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Like Mother, Like Daughter

CAS prof: daughters often mirror their mother’s work practices


Mothers may think their teenage daughters barely acknowledge their existence, much less pay attention to their daily lives. But it turns out that teens absorb much more of their parent’s actions than they let on.

Claudia Olivetti, a College of Arts & Sciences associate professor of economics, and coauthors Eleonora Patacchini of Syracuse University and Yves Zenou of Stockholm University, had a paper published in November by the National Bureau of Economic Research exploring how the work practices of a teenager’s mother and that of her friends’ mothers affects her work decisions in adulthood. Once these teens enter the workforce, they often mirror what they witnessed growing up.

To conduct their research, Olivetti and her collaborators plumbed data from the National Longitudinal Study of Adolescent Health (Add Health), which assessed 90,000 students in grades 7 through 12 during the 1994–95 school year. These Generation Xers and Millennials were surveyed several times since then—most recently in 2008, when they were 24 to 32 years old—as they moved through college, entered the workforce, married, and started having children.

BU Today spoke with Olivetti about her research findings and how this generation’s women are trying to find work-life balance.

BU Today: What triggered your interest and that of your collaborators in this topic?

Olivetti: We thought it would be interesting to see whether we could say something empirically about the way in which gender identity is formed. Borrowing from the literature in social psychology, we know that the factor that shapes adolescent beliefs or cultural attitudes toward certain choices tends to be parents’ behaviors, beliefs, and cultural norms, as well as what they observe around them when they are growing up.

What matters in determining role models is also the frequency and quality of the contact with these potential gender roles. For a girl, her own mother is very important, especially when it comes to this career and family trade-off. But it’s not just her own mother; it’s also what the mothers of her own friends do.

You found that teenage girls mirrored their mother and their friends’ mothers in the number of hours they logged when they entered the workforce.

Correct. We found that the more your own mother worked, the more you’re likely to work. The more your friends’ mothers worked, the more hours you tend to work when you’re an adult. However, there is a negative interaction between these two. There is what we call cultural substitutability between the behavior of your own mother and the behavior of your friends’ mothers. Suppose your mom is a lawyer. She works many hours a week, and the mothers of your friends also work, but they have more regular 9-to-5 jobs. The more your mother’s long hours are common relative to your friends’ mothers, the more a girl will be influenced by her mother and the more she would work when she’s an adult. This is particularly true for women with college degrees. Interestingly, this effect of your own mother’s work behavior actually becomes stronger once you are yourself a mother.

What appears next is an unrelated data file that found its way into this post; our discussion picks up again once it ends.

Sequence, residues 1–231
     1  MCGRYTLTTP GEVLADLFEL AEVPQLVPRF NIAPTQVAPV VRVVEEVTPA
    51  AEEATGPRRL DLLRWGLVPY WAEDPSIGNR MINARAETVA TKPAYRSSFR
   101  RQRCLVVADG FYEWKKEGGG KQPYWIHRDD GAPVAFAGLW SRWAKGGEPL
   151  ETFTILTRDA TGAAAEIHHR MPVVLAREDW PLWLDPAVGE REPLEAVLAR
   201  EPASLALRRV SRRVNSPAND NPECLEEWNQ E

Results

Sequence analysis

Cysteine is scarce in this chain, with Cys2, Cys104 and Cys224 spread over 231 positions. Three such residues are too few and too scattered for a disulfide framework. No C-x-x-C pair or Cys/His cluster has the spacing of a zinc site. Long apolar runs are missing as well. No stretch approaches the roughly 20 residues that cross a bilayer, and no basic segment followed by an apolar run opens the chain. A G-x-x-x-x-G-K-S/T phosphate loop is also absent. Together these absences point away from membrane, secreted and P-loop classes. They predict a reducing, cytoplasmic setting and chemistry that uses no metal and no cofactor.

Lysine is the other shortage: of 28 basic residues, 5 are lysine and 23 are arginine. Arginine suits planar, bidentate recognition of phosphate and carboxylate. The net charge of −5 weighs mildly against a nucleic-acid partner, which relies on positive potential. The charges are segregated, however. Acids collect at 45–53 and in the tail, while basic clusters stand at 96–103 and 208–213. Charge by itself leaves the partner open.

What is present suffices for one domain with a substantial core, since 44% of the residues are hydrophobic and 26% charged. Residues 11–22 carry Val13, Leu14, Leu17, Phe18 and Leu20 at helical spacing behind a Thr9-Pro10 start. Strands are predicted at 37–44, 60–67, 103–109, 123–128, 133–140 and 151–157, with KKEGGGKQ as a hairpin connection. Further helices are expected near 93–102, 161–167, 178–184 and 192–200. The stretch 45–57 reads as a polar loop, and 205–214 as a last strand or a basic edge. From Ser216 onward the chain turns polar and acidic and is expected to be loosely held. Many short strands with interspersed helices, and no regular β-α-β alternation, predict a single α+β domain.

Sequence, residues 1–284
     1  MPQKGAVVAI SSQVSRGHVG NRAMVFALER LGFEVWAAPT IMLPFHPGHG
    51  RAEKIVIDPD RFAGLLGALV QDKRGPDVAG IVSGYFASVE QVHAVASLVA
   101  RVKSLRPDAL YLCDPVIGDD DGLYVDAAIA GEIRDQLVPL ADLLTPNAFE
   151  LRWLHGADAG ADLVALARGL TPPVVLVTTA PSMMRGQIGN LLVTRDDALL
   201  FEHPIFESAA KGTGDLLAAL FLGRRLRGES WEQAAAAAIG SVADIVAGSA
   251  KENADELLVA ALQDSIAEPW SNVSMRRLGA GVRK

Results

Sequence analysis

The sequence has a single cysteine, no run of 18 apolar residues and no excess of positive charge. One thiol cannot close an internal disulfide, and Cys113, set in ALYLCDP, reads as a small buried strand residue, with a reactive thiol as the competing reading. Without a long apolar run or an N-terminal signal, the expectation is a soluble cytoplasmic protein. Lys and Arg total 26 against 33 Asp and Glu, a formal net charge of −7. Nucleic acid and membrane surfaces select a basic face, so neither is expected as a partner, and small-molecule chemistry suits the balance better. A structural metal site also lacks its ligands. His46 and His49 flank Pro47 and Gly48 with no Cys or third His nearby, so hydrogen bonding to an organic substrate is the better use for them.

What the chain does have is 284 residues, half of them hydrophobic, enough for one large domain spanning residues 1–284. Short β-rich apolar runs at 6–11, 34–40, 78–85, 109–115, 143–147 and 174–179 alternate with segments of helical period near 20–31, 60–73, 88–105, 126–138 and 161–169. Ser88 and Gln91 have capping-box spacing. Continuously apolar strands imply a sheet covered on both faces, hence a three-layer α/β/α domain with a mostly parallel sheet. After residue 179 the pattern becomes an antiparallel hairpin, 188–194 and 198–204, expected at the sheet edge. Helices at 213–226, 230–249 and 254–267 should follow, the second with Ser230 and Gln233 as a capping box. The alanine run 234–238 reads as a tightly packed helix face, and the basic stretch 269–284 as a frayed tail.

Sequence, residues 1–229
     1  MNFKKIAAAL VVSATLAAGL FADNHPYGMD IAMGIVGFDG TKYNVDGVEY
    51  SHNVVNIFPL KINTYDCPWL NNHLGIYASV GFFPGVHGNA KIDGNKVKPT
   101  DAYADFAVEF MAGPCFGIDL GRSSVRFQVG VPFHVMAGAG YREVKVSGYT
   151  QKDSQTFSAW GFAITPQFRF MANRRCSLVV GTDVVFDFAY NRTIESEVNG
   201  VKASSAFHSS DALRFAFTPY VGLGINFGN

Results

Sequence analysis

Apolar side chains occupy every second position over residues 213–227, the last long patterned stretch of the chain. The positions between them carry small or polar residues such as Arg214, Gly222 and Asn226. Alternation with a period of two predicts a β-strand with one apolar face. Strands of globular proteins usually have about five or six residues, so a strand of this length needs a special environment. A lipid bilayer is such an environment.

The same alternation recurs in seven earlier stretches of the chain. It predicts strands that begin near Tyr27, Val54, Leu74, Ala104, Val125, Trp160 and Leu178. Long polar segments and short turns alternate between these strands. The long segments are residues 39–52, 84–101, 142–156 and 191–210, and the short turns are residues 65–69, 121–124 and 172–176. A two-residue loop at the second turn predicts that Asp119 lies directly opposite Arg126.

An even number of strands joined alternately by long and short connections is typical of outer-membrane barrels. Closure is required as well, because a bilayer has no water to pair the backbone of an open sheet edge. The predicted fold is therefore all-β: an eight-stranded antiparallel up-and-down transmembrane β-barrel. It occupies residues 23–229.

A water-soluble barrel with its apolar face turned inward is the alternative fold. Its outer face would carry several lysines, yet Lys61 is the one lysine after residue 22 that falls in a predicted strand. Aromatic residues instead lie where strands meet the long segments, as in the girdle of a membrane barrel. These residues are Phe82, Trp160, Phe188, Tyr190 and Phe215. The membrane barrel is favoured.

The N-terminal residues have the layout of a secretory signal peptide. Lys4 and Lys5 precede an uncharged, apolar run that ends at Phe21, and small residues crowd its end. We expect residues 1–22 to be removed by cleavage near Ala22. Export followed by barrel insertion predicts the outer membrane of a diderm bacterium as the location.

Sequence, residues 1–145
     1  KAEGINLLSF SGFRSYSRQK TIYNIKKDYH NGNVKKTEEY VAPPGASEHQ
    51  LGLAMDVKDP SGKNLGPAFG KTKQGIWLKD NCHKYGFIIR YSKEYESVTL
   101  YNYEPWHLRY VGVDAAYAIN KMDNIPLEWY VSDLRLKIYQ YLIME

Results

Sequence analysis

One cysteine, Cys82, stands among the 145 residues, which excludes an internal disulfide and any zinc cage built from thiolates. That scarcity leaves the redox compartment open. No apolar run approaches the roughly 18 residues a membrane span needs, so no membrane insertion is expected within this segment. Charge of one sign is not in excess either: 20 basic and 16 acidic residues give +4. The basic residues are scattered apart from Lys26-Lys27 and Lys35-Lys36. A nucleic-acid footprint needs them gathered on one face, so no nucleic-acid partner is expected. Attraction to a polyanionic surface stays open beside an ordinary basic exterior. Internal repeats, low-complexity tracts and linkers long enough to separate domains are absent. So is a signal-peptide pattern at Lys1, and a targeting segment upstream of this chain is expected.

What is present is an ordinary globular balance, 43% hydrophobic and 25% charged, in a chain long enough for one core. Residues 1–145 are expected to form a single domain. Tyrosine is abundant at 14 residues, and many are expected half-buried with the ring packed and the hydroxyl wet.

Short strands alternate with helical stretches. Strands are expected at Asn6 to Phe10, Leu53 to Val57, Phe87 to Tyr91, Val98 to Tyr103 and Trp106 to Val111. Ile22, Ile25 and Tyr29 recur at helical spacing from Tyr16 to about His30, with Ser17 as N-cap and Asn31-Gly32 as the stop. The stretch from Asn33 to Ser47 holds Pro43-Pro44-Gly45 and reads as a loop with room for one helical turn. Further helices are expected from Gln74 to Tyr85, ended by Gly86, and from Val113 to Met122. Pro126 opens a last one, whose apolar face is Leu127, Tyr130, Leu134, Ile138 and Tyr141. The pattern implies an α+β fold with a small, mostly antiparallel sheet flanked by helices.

How did this play out for teenagers whose mothers stayed at home?

We find that, for these girls, the dominating effect becomes that of the friends’ mothers. If their own mother didn’t work or worked very few hours, but their friends’ mothers worked many hours, then the dominating cultural effect is more that of their friends’ mothers.

You mention the “backlash” effect—women opting out of the workforce to care for their children, even women who grew up with working mothers. Your research group didn’t display that tendency. Why?

I don’t think there is clear evidence that there was indeed an opt-out revolution in previous generations. Yes, maybe women opt out of the labor force when they have their second child, but then they go back. You have to look at them when they are 45 and their children are going to school. They might be back to work.

What is this generation’s inclination regarding work-life balance?

For young graduate students I am in touch with, their attitude is to have both—family and a career. They’re really aware of the trade-off, but they do want to have both.

When I was a PhD student, there was only one woman among my professors. In my class, there were 4 women and 27 men. But things are changing. I waited until I had tenure to have a child. Now I see my students having children in graduate school and as they’re on the tenure track. They’re very aware of the complications, and they feel like it is accepted for them to have a child before getting tenure.

What could companies and the government do to further support working mothers?

There are two things that are really important. One is the way jobs are organized. Company policies that are aimed at allowing more flexibility would help tremendously. We see in some occupations, like medicine, these policies are working. You have more women staying in the workforce when they have children.

More public policy could help in the provision of programs for early child care. It’s very expensive to find good quality child care when your kid is two to five years old.

If you think about our school system and the way it’s structured, it’s designed for one of the two parents being home.

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Leslie Friday, BU Today, Boston University
Leslie Friday

Follow Leslie Friday on Twitter at @lesliefriday.

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